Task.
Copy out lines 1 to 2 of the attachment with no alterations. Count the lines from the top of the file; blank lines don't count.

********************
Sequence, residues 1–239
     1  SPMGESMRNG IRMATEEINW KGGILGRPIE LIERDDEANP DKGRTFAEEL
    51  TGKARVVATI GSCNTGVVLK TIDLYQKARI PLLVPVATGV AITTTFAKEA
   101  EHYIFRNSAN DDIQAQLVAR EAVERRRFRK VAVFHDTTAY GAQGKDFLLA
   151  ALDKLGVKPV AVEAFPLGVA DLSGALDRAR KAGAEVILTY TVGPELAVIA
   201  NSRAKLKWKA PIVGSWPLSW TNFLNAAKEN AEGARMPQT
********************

Sequence, residues 1–239
     1  SPMGESMRNG IRMATEEINW KGGILGRPIE LIERDDEANP DKGRTFAEEL